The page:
Skip to main content
U-M Poverty Solutions Logo U-M Poverty Solutions Logo

Poverty Solutions at the University of Michigan

Joan and Sanford Weill hall
Suite 5100
735 South State Street
Ann Arbor, MI 48109-3091

Speaker Series

Real World Perspectives on Poverty Solutions introduces key issues regarding the causes and consequences of poverty through a virtual lecture series featuring experts in policy and practice from across the nation, with the goal of encouraging the formation of a broad community of learners to engage in these issues together.

Speakers are national and global experts drawn from university, business, and community contexts who explore interdisciplinary real-world poverty solutions from a wide variety of perspectives. The virtual talks, which are free and open to the public, will be livestreamed on YouTube with the opportunity for Q&A. U-M students can participate in the series as a one-credit course.

Join the conversation on Twitter using #UMPovertySolutions. Sign up for the Poverty Solutions newsletter to receive speaker series event reminders.

Fall 2021 Speaker Series

Eric Garcetti in Conversation about Affordable Housing

Friday, Sept. 17
12:30 – 1:15 p.m. EDT

Los Angeles Mayor Eric Garcetti joins Taubman College Dean Jonathan Massey in conversation on housing affordability and access. This special event, in partnership with U-M Poverty Solutions, will be live streamed.

Indivar Dutta-Gupta: Approaches to Economic Redistribution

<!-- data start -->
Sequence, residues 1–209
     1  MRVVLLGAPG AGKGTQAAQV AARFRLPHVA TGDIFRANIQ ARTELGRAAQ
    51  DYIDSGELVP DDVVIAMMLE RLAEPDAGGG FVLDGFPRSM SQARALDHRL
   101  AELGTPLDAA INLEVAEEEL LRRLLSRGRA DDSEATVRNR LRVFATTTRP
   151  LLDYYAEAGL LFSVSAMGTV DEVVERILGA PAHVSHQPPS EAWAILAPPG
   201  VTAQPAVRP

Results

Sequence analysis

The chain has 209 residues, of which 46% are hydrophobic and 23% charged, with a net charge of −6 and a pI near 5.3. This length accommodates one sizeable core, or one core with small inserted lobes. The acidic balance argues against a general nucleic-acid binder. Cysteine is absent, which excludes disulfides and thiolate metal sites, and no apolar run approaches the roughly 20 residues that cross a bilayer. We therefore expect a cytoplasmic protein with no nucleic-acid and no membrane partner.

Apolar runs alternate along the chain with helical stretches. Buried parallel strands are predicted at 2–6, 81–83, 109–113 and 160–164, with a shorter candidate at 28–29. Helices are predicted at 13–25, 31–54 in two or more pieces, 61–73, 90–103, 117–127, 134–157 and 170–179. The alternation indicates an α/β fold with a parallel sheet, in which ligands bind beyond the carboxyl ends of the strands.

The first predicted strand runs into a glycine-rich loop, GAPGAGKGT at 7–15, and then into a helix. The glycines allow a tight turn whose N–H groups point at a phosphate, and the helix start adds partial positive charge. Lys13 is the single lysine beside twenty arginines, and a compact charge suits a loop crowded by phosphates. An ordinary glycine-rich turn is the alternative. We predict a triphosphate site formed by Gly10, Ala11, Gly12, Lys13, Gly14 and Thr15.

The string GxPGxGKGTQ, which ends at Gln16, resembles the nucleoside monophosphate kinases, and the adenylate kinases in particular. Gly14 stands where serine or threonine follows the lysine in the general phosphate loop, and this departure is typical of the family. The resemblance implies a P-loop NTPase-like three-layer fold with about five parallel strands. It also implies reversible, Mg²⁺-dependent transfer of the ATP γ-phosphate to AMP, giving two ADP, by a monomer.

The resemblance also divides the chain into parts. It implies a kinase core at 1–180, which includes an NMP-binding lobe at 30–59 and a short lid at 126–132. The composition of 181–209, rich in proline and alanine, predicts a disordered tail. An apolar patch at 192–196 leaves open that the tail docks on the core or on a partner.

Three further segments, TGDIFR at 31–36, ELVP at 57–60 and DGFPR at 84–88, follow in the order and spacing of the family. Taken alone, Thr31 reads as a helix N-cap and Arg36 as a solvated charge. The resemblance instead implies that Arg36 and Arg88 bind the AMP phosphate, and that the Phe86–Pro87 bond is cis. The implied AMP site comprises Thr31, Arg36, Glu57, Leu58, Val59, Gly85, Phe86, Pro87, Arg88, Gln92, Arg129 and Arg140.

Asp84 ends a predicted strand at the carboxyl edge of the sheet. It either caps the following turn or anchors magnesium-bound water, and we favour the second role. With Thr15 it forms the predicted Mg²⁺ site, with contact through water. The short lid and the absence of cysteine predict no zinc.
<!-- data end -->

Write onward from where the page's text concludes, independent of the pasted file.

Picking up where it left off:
Friday, Sept. 24
Noon – 1 p.m. EDT
+ Add to Google Calendar

Indivar Dutta-Gupta is co-executive director of the Georgetown Center on Poverty & Inequality (GCPI), where he leads work to develop and advance policy recommendations that alleviate poverty and inequality, advance racial and gender equity, and expand economic inclusion for all people in the United States.

Moderated by H. Luke Shaefer, Hermann and Amalie Kohn Professor of Social Justice and Social Policy and director of Poverty Solutions.

In partnership with U-M’s Gerald R. Ford School of Public Policy.

Jeremy Levine: Constructing Community

Friday, Oct. 1
Noon – 1 p.m. EDT
+ Add to Google Calendar

Jeremy Levine is assistant professor of organizational studies at the University of Michigan. He will discuss his book, “Constructing Community: Urban Governance, Development and Inequality in Boston,” which explores the complexities of neighborhood redevelopment in Boston and shows the difficulty of achieving fairness and equity through community participation.

Moderated by Alex Murphy, assistant professor of sociology at U-M; with responses from Kristin Seefeldt, associate professor of social work and associate faculty director of Poverty Solutions at U-M.

In partnership with U-M’s Department of Sociology and Organizational Studies Program.

Carolyn Barnes: Low-Income Families and the New Welfare State

Friday, Oct. 8
Noon – 1 p.m. EDT
+ Add to Google Calendar

Carolyn Barnes is an assistant professor of public policy and political science at Duke University. She will discuss her book, “State of Empowerment: Low-income Families and the New Welfare State,” which explores how interacting with government-funded after-school programs can enhance the civic and political lives of low-income citizens.